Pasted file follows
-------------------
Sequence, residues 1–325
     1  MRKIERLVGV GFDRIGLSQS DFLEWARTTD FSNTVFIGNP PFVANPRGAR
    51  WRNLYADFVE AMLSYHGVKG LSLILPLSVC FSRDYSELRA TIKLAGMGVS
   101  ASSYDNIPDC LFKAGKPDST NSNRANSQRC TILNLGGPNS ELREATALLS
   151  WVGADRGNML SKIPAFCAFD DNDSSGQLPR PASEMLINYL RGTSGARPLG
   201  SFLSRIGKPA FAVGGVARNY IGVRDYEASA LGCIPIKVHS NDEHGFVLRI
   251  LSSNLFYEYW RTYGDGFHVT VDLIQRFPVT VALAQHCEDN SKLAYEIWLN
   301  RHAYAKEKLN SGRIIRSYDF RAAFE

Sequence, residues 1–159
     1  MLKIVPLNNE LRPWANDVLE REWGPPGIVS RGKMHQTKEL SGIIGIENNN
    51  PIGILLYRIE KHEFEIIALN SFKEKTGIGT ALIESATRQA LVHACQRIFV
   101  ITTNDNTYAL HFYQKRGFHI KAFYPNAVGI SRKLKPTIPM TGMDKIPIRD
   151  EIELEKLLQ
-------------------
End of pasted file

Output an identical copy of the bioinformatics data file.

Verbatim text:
Sequence, residues 1–325
     1  MRKIERLVGV GFDRIGLSQS DFLEWARTTD FSNTVFIGNP PFVANPRGAR
    51  WRNLYADFVE AMLSYHGVKG LSLILPLSVC FSRDYSELRA TIKLAGMGVS
   101  ASSYDNIPDC LFKAGKPDST NSNRANSQRC TILNLGGPNS ELREATALLS
   151  WVGADRGNML SKIPAFCAFD DNDSSGQLPR PASEMLINYL RGTSGARPLG
   201  SFLSRIGKPA FAVGGVARNY IGVRDYEASA LGCIPIKVHS NDEHGFVLRI
   251  LSSNLFYEYW RTYGDGFHVT VDLIQRFPVT VALAQHCEDN SKLAYEIWLN
   301  RHAYAKEKLN SGRIIRSYDF RAAFE

Sequence, residues 1–159
     1  MLKIVPLNNE LRPWANDVLE REWGPPGIVS RGKMHQTKEL SGIIGIENNN
    51  PIGILLYRIE KHEFEIIALN SFKEKTGIGT ALIESATRQA LVHACQRIFV
   101  ITTNDNTYAL HFYQKRGFHI KAFYPNAVGI SRKLKPTIPM TGMDKIPIRD
   151  EIELEKLLQ